I would be remiss if I didn’t mention the great work of Vahishta Vafadari as Ursula. In a scene with Margaret (Sharon Barto Gouran), Ursula has a little mishap with a chair. Without missing a beat, she used the moment to add humor and yet continue the intention of the scene. She followed this up with a nasty scowl toward the offending chair as it was ushered off stage during the scene change. It was such a delightful moment that I hope they find a way to keep it.

The production team for MUCH ADO ABOUT NOTHING hit it out of the park as well. The addition of music by Jose “Juicy” Gonzales was refreshing and fun. It helped cement the production in its modern take. Scenic Designer Matthew Smucker created a space that was visually appealing and served every different purpose as needed. Lighting Design by Andrew D. Smith enhanced the scenic design by transforming the spaces with color and light to give variation to a set that never changed. Smucker’s sets included strings of lanterns across the stage and hung in a tree.

The set was used by director and cast to help tell the story as Bendick and Beatrice hid behind columns and walls to hear the trap being laid for them. At one point Benedick takes two lanterns from the tree and pretends to be part of the tree. Later, still holding these lanterns, he uses them for a well placed anatomy joke. I don’t know if the lanterns were incorporated so that the joke could happen or if the joke evolved from using the space. But either way, it was a brilliant connection between set and story and character and perfectly fit the moment and the Bard’s humor. Finally, with props at a minimum, Robin Macartney still managed to make a big impact with well placed and well chosen props that added both a strong visual statement and gave added interaction opportunities for the cast to infuse humor.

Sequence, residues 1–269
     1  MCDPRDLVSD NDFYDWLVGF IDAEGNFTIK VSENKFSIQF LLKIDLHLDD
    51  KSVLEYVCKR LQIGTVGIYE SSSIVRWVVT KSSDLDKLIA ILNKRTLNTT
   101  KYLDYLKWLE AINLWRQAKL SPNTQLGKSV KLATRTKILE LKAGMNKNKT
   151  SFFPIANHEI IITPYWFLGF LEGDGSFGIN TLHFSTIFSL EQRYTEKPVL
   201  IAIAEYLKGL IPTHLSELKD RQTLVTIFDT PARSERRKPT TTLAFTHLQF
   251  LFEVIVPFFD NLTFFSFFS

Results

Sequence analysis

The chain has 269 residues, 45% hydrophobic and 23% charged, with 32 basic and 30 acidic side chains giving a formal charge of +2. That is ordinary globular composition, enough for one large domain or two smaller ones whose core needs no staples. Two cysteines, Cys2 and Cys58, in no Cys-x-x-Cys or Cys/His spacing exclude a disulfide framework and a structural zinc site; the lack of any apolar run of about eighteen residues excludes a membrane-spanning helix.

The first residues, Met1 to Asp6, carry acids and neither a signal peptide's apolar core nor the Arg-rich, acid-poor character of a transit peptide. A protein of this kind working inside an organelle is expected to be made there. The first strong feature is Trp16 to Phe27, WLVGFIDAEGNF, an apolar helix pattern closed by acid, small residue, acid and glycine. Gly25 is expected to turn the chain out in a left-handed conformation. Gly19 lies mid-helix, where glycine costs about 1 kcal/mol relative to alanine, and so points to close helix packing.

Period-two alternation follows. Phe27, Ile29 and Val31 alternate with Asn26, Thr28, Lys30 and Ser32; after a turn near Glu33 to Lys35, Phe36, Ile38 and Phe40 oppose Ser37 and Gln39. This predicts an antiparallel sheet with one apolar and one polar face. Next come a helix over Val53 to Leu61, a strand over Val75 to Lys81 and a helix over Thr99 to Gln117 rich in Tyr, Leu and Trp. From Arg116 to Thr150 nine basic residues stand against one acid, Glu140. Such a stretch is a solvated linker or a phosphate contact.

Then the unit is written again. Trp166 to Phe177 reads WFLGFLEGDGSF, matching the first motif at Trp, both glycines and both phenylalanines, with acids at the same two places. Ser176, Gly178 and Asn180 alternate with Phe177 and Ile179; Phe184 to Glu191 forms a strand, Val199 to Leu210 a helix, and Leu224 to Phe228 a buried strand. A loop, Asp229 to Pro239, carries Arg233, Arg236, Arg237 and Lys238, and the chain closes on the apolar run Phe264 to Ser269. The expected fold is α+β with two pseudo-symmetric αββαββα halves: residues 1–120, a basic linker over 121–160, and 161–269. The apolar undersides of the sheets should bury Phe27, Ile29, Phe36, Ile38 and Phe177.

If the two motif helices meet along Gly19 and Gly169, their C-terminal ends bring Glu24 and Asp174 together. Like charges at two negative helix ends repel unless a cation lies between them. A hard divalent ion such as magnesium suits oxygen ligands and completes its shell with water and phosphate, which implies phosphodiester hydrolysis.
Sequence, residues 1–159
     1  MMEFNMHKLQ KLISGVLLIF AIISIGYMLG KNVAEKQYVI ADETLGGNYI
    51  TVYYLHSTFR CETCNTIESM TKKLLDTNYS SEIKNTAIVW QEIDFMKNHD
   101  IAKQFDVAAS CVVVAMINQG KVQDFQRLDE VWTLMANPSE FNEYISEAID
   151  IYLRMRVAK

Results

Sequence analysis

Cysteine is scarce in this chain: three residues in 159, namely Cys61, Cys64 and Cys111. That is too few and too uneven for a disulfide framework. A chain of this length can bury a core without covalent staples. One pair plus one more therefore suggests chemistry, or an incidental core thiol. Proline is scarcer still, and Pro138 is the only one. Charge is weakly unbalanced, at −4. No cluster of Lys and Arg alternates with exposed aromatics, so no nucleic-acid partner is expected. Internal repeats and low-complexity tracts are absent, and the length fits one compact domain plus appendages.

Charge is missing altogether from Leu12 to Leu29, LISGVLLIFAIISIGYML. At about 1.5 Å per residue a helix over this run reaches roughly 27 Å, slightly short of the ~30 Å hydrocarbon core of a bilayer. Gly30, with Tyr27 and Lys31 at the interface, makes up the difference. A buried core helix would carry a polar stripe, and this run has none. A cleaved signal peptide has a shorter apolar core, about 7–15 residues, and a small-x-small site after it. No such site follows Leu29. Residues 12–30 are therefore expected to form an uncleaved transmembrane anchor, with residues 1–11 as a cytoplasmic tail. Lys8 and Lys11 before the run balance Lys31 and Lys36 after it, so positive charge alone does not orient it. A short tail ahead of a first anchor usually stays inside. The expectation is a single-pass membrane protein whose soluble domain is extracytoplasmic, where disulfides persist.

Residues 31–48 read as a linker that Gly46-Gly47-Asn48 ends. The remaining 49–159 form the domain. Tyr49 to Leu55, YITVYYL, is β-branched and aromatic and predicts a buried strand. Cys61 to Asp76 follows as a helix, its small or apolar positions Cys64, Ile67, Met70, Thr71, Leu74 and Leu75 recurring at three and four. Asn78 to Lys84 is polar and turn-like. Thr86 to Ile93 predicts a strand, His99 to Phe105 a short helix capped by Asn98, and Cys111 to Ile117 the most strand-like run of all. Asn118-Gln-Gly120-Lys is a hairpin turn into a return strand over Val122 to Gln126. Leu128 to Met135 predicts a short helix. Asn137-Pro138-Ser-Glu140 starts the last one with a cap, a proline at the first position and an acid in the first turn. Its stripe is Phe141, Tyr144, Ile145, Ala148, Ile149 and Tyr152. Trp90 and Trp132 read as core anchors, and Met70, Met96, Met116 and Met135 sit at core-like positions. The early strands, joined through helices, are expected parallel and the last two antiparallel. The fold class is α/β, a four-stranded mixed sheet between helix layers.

Seeing a Shakespearan play can often require a lot of effort from the audience. This production only asks that you check your worries at the door and allow yourself to delight in the wit and absurdity of the story. While the story still contains the usual misogyny of Shakespeare’s time, the actors do shine a fresh light on it. Leonato’s complete lack of faith in his daughter and his willingness to disown her are met with looks of shock and outrage. Another connection to original productions was the use of gender bending in the cast.

With strong performances from the cast and smart selections by costumer Natalie Shih, these roles blended seamlessly with the story. In fact, they only merit mentioning for their success in hopes that we see more it across all types of productions and theaters. The only negative part of the entire evening with this brilliant group of people was seeing the number of empty seats in the house. As we continue to move back to normal levels of activity and learn to live in a covid world, I hope that more people will choose live theater and choose it more often. We nearly lost so many good things when the world shut down, and theater may very well be one of the things that can help bring us back and help us heal. Go see live theater. Go see this show. Take a friend. Then do it again. This show was really Much Ado About Everything.

MUCH ADO ABOUT NOTHING by Seattle Shakespeare is playing now through May 22nd at Center Theater. For tickets or more information, visit